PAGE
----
Subject: Independent | news | World

From the UK Independent:

            Pope's sermon of defiance sparks Bethlehem riots

            By Phil Reeves in Deheisheh refugee camp, Bethlehem

            23 March 2000

            The Pope became the instant hero of the Palestinian people
yesterday after he plunged into the political cauldron of the Middle East
with what amounted to a stinging indictment of Israel's conduct.

            But only an hour after uttering his words – at a Palestinian
refugee camp in Bethlehem – the place erupted into riots with running street
battles between stone-throwing Palestinians youths and baton- wielding
Palestinian police, who were also hurling stones.

            Emotions – stoked high because of the pontiff's visit – spilled
over half an hour after the Popemobile had drawn out of Bethlehem, bearing
its 79-year-old occupant back to a helicopter and nearby Jerusalem. If proof
was needed of the perils of John Paul II's mission to the Middle East – and
the risk he is taking personally, despite a huge security operation – then
this was it.

            As dusk turned to darkness, large chunks of concrete and rocks
flew through the air, as about 700 youths charged out of the camp to
confront the police, who engaged in the battle as enthusiastically as the
youths they were trying to quell.

            At first the police were driven back, but then they returned,
with shields, wooden batons and, in some cases, large planks of wood and
heavy bits of metal pipe. Some of the security officials began brawling with
their colleagues, apparently urging restraint.

            Only an hour earlier, the pontiff himself – a picture of frail
vulnerability for all his splendour and power – had been standing before a
crowd in the same camp, Deheisheh, the squalid and overcrowded home of most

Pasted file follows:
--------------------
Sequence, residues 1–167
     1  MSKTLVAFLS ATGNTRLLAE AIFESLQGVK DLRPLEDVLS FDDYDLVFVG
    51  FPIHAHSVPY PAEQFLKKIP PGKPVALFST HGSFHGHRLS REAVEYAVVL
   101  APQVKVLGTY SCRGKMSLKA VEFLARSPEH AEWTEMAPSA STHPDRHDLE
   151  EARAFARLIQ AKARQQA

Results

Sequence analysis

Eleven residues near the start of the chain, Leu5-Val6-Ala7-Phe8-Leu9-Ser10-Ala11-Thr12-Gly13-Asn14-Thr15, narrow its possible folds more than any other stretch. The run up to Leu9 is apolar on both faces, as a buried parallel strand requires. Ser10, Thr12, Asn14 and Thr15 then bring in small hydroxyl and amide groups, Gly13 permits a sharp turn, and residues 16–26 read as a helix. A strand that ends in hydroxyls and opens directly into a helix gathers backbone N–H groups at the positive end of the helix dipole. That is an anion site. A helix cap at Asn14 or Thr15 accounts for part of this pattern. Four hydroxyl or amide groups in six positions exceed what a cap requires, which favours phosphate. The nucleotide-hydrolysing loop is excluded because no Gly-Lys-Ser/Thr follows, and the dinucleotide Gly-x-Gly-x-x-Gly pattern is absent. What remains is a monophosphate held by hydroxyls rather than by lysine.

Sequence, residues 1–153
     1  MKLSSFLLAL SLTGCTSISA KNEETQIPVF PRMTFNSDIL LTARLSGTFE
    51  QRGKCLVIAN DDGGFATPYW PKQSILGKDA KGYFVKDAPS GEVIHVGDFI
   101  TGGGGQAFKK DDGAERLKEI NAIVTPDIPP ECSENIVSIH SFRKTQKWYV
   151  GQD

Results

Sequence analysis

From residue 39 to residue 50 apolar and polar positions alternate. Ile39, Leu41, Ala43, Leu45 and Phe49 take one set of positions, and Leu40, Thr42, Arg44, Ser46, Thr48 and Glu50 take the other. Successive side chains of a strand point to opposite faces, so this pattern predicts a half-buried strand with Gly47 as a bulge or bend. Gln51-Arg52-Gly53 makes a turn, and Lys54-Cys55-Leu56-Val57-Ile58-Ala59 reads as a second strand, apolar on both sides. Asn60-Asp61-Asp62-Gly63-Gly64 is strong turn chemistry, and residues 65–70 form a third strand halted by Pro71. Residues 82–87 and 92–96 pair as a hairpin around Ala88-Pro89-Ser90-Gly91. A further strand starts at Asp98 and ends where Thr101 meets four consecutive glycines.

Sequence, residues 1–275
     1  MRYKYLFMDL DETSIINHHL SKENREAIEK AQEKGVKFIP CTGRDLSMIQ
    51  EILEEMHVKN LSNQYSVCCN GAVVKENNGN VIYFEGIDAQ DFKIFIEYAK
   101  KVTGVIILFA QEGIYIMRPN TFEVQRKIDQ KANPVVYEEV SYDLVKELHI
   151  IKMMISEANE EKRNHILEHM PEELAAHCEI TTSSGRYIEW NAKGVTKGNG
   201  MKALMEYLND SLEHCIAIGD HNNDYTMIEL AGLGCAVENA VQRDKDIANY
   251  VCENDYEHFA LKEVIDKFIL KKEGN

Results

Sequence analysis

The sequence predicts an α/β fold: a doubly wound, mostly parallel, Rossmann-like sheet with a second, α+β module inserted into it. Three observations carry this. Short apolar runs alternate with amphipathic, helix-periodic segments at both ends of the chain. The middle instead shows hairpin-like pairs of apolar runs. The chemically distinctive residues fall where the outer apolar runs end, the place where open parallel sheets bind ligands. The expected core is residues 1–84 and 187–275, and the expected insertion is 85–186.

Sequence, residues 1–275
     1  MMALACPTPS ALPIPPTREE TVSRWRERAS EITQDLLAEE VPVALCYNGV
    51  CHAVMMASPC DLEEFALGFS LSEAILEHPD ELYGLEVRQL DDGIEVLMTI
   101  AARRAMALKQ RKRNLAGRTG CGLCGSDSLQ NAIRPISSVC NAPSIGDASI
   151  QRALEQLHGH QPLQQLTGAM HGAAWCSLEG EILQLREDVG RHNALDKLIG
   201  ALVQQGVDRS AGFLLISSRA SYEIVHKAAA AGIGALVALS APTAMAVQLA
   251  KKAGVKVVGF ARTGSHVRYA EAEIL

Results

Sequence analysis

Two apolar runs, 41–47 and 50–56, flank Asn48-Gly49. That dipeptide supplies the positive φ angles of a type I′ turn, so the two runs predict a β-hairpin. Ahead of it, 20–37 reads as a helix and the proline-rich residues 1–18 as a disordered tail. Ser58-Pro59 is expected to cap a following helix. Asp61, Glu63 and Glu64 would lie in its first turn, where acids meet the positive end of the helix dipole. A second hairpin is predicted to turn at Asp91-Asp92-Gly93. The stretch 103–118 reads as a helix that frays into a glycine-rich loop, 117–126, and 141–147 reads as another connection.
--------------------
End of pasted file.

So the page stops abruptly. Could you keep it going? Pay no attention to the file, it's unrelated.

of these rioters.

            In words that acquired a new resonance as the fights began, he
spoke mumblingly, but graphically of the "degrading conditions" that
Palestinians have endured since being driven from their homes during the
1948 Israeli-Arab war, and emphasised their "unalienable right to justice".

            "You have been deprived of many things which represent the basic
needs of the human person: proper housing, health care, education and work,"
he told them. He cannot have known that these deprivations – which much
surely play a big part in the tensions here – would take violent expression
so soon.

            "This is very, very bad," said a middle-aged Palestinian man as
the fighting raged to and fro. For two hours we were trapped together inside
a restaurant while the fighting raged only a few yards away. "I have never
seen anything like it in my life," he said, shaking his head. He did not
want to be named. For good reason. These were scenes – such an ugly contrast
to the flagwaving and joy of their brief moment in the international
limelight earlier – the security police did not want to be seen.

            Earlier, the sight of his Popemobile drew warm cheers and